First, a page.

This all seems to be what works best for each really.

Mark
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#13 GEP

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Posted 11 January 2013 - 09:58 AM

This just goes to show how many opinions there are in ceramics:
I have the opposite opinion about bats. Absorbent bats will dry the platter more evenly, because the bat will wick water from the bottom while the top air dries. As long as the platter is cut loose from the bat, sticking is not an issue. I use Medex bats from Northstar. Medex is an exterior grade MDF that lasts a good long time. I have bats that are 10+ years old and the holes still fit tight. They do hump slightly in the middle, but they do so evenly around, not like taco, so it doesn't warp the pot. My platters dry even enough that I never need to flip them over to get them to leather hard. I just wrap the lip with plastic 'caution' tape so it doesn't dry too quickly, and in 2-3 days they are ready to trim without ever flipping them or uncovering the lip. Plaster/hydrocal bats are ideal for this.

I think the untrimmed bottoms are related to the cracking. I think there is a good chance that the platters are slightly uneven, which is all it takes on a larger piece to cause cracking. If the flat area of the platter curves up even a little, and is a little thicker at the edges, it'll crack.


I think we all agree that the platter needs to be evenly thick throughout to avoid cracking. But I think it's possible to throw a platter that way which then does not require trimming. I also think it's possible for someone to spend a lot of time trimming and still leave behind extra clay where the floor and wall meet. It depends on awareness and skill level. Anyhow, for Natania I would advise that Neil's point is valid, and it would be worthwhile to throw and platter the way you normally do, then slice it in half to see it's profile.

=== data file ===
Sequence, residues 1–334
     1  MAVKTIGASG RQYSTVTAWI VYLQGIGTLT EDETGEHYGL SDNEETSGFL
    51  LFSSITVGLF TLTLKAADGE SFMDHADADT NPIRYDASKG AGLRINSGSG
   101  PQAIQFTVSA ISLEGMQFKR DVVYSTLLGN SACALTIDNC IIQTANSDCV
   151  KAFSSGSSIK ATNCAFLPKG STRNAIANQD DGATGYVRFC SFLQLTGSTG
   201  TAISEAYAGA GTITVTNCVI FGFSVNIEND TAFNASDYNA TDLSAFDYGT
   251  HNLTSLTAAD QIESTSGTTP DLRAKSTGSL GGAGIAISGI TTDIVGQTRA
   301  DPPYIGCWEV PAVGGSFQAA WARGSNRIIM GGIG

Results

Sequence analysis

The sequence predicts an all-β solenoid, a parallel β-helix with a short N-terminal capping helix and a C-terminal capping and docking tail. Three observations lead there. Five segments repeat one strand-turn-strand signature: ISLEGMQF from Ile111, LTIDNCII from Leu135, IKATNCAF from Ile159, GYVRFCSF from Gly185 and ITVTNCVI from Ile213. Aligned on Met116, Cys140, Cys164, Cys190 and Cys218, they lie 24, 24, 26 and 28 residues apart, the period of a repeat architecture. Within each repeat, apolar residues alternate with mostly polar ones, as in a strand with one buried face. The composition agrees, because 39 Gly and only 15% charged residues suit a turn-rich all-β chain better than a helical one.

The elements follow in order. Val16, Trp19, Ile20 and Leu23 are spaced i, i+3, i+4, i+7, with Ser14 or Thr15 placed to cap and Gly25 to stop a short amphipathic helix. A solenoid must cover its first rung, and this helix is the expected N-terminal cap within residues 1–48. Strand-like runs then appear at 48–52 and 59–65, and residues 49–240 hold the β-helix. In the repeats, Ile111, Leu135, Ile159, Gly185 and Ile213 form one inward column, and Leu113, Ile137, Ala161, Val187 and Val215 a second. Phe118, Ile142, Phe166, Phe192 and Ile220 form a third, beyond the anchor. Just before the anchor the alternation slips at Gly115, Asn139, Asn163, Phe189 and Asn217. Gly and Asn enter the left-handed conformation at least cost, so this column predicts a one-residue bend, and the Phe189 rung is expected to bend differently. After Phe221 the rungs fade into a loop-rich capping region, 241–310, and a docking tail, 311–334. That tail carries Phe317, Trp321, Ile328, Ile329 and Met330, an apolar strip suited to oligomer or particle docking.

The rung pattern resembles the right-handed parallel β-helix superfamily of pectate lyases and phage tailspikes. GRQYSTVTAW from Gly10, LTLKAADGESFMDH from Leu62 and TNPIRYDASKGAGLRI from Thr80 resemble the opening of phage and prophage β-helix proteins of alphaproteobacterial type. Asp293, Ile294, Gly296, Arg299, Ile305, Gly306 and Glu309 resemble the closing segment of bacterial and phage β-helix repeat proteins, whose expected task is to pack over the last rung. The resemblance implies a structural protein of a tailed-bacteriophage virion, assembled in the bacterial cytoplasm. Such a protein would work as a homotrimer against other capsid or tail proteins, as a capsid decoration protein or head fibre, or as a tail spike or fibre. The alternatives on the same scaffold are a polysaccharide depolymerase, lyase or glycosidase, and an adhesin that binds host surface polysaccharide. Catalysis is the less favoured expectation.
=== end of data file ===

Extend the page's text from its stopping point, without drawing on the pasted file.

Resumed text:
Mea
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#14 Natania

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Posted 11 January 2013 - 11:32 AM


This just goes to show how many opinions there are in ceramics:
I have the opposite opinion about bats. Absorbent bats will dry the platter more evenly, because the bat will wick water from the bottom while the top air dries. As long as the platter is cut loose from the bat, sticking is not an issue. I use Medex bats from Northstar. Medex is an exterior grade MDF that lasts a good long time. I have bats that are 10+ years old and the holes still fit tight. They do hump slightly in the middle, but they do so evenly around, not like taco, so it doesn't warp the pot. My platters dry even enough that I never need to flip them over to get them to leather hard. I just wrap the lip with plastic 'caution' tape so it doesn't dry too quickly, and in 2-3 days they are ready to trim without ever flipping them or uncovering the lip. Plaster/hydrocal bats are ideal for this.

I think the untrimmed bottoms are related to the cracking. I think there is a good chance that the platters are slightly uneven, which is all it takes on a larger piece to cause cracking. If the flat area of the platter curves up even a little, and is a little thicker at the edges, it'll crack.